The Civil War remains America’s bloodiest conflict, in which northerners and southerners perpetrated terrible violence against each other. Yet, in the midst of this carnage, the war also provided economic opportunities to some and created economic challenges for others.

Research by a professor at West Virginia University is providing a clearer picture of how the nation’s economy was affected by the conflict, and how ordinary people helped to make that economy.

Brian Luskey, associate professor of history, has been named a 2014-15 National Endowment for the Humanities and Program in Early American Economy and Society fellow at the Library Company of Philadelphia.

Luskey will take a sabbatical from teaching next year to continue work on his book, “Rich Man’s War, Poor Man’s Fight: The Cultural Economy of the American Civil War.”

“I hope that readers will appreciate how ordinary people displayed amazing ingenuity as they tried to survive and succeed during the war and how their efforts helped to give shape to the nation’s economy as a whole,” he said.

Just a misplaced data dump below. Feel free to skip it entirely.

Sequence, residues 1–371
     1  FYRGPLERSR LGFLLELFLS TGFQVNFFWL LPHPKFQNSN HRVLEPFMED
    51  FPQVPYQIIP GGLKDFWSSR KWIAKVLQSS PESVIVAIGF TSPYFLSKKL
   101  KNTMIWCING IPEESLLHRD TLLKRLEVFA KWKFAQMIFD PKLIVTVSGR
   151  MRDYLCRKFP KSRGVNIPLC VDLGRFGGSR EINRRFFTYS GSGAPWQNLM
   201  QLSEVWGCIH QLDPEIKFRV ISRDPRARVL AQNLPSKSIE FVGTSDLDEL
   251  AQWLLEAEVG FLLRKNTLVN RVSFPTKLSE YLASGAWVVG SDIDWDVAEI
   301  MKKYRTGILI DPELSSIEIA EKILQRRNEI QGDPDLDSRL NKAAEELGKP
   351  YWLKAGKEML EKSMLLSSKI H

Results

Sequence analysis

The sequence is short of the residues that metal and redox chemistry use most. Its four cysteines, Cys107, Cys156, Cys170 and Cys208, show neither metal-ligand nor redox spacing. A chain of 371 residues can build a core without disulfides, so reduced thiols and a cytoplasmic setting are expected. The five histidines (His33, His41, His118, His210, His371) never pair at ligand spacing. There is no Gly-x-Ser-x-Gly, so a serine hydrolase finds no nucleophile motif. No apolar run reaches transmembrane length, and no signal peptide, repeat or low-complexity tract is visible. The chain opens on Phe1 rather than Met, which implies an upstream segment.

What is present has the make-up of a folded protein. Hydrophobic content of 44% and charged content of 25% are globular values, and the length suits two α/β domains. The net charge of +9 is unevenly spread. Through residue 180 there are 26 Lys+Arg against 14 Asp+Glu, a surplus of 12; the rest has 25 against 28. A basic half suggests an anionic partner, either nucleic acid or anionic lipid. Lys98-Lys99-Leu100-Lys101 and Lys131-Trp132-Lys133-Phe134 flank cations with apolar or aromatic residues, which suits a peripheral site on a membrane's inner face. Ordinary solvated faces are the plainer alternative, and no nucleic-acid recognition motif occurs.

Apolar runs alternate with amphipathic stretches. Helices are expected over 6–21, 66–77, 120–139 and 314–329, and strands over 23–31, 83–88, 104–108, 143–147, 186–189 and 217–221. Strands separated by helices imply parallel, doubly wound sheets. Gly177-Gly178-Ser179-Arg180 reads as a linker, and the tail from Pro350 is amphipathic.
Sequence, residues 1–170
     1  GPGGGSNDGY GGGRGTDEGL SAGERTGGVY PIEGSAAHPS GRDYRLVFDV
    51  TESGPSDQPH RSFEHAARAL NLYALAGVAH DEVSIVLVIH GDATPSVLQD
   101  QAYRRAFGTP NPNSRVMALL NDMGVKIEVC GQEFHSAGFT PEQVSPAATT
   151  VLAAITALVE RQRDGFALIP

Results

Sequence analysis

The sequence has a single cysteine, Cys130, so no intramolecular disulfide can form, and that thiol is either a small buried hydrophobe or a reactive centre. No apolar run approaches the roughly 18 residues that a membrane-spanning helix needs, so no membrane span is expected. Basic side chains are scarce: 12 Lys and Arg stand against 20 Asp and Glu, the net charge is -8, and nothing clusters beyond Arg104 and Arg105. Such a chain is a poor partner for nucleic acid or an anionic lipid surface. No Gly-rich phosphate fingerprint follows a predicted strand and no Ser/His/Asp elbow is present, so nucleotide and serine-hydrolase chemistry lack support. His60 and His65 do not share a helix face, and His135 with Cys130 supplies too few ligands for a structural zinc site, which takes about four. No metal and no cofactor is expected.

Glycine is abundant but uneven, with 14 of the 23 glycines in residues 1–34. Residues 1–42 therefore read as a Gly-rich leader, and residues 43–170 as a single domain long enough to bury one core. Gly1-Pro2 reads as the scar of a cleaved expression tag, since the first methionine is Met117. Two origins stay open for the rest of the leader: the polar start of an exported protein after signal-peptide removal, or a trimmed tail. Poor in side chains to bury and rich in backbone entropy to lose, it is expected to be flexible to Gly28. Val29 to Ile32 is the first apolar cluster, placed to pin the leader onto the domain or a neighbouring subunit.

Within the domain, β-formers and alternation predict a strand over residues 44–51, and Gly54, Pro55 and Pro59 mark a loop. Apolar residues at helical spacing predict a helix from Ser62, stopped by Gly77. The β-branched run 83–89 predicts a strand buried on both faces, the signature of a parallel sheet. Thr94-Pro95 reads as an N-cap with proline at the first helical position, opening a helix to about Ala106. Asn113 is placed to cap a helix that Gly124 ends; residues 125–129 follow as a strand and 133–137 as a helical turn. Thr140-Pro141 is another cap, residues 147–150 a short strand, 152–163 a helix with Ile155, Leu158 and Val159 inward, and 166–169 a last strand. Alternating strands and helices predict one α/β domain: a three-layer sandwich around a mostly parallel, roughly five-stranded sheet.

As a fellow at the Library Company, Luskey will explore the Library’s holdings of business trade cards and records, newspapers, political pamphlets and recruitment posters produced during the war.

Luskey’s examination of the decades-old material has unveiled what he called a “surprising” amount of documentation about the economy. While soldiers and civilians often wrote about battles, politics, and loyalty, Luskey said that families also wrote about how much or little money they had, what kinds of goods they wanted, how they would send money between home and camp, and how they hoped to make and sell goods to soldiers and neighbors.

Luskey is part of a cohort of scholars who study the cultural history of capitalism in the 19th century United States. He is the author of “On the Make: Clerks and the Quest for Capital in Nineteenth-Century America,” which was printed by New York University Press.

For more information, contact Brian Luskey at (304)-293-9328 or at



CONTACT: Devon Copeland, Director of Communication and Marketing, Eberly College of Arts and Sciences, West Virginia University

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